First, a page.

AG's Office to Xerox: Back Off | Jackson Free Press | Jackson, MS

AG's Office to Xerox: Back Off

Child-care center providers rallied against a new state program that forces some low-income parents to use finger scanners.

Child-care center providers rallied against a new state program that forces some low-income parents to use finger scanners. Photo by Trip Burns.

The Mississippi attorney general's office has intervened on behalf of child-care providers who say they've been receiving harassing phone calls from Xerox, the mega-company that has the agreement to run the state's childcare payment and tracking system, a story the Jackson Free Press broke recently.

Responding to complaints from providers, Assistant Attorney General Early Scales ordered Xerox to halt communications with child-care centers scheduled to start participating in a controversial biometric finger-scanning program in November.

Since the Department of Human Services launched a pilot program in September requiring recipients of low-income child-care vouchers to scan their finger when dropping off or picking up a child, child-care operators have lodged numerous complaints.

Currently, 20 centers in Hinds, Rankin and Madison counties are participating in a pilot program to give the machines a trial run before they're rolled out in more centers around the state.

Xerox sent a letter to child-care providers in late July announcing the new child-care time and attendance program. The letter states that the new program requires the installation of new equipment, which comes at no cost to the provider. Also included in the 15-page packet were a provider agreement, a federal W-9 request for taxpayer-identification number form and a settlement authorization form.

Several operators testified that Xerox representatives have repeatedly called in recent weeks, telling providers they must sign and return the contract or they wouldn't continue getting paid. Earlier in the day, providers held a rally at the capitol to reject the Xerox contracts with chants of "Ban the Scan."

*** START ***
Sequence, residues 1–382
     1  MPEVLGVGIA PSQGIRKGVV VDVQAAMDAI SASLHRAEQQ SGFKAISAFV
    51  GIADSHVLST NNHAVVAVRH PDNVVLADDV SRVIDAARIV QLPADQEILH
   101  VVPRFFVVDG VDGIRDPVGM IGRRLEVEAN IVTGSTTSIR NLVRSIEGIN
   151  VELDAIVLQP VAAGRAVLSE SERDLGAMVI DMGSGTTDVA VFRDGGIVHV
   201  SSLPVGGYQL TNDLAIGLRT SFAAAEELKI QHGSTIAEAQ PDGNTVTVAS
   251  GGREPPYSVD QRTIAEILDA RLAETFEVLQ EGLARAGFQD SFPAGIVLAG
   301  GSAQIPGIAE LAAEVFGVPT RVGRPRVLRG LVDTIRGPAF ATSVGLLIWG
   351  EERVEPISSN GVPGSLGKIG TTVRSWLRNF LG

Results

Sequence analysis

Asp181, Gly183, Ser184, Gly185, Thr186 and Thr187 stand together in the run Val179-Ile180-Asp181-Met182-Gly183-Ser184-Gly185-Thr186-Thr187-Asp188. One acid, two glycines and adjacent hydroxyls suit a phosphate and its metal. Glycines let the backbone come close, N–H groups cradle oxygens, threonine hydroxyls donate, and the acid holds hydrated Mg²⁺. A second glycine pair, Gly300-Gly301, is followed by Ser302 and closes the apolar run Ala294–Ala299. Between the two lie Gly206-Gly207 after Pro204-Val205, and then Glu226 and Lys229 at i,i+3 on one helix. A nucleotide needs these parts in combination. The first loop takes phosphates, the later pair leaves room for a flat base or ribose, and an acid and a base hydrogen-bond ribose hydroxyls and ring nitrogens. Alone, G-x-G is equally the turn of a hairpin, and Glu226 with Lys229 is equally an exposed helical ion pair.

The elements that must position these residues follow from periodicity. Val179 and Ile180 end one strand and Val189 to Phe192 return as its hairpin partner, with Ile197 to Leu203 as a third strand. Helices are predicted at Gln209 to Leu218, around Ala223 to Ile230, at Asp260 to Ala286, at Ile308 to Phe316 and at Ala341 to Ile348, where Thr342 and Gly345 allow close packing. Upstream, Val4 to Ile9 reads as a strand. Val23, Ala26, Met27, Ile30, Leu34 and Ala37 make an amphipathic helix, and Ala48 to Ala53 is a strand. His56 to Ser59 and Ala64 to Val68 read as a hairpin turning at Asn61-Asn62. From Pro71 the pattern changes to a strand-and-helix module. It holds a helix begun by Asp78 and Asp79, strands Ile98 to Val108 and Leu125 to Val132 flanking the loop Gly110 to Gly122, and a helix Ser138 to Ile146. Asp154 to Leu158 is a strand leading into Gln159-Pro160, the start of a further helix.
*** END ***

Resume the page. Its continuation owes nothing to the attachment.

Jill Dent, director of DHS' Office for Children and Youth, ran the meeting. Dent did not answer questions or engage directly with speakers, but did address what she characterized as misconceptions about the program.

Dent explained that the Xerox machines do not capture fingerprints, but rather convert the finger images into a unique code that is associated with the parent or guardian's Social Security number. She also clarified that changes to the provider payment system would not result from the introduction of the scanners.

Dent told the Jackson Free Press recently that DHS is introducing new technology in phases that will help pare down the list of more than 8,000 children waiting for subsidy assistance. However, providers questioned Dent why the agency did not spend the $1.6 million used to purchase scanners to take kids off the waiting list.

Furthermore, providers called the scanners excessive government regulation. In addition to added costs of dedicating staff to oversee the machines, providers says the machines are full of glitches and discriminate about poor parents who receive child-care assistance. Parents who do not receive the subsidy are not required to scan in and out.

Also, because Xerox requires providers to have a dedicated land line for the hardware and submit voided checks in order to be reimbursed, providers also believe the program discriminates against some child-care center operators as well.

Jane Boykin, with Delta Licensed Providers, noted at a public hearing held yesterday at Mississippi Public Broadcasting auditorium in Jackson that many providers are African American and lack bank accounts.

"That is totally discriminatory on its face and in practice," Boykin said of the requirements.

Read more:

Following the DHS Scanner Money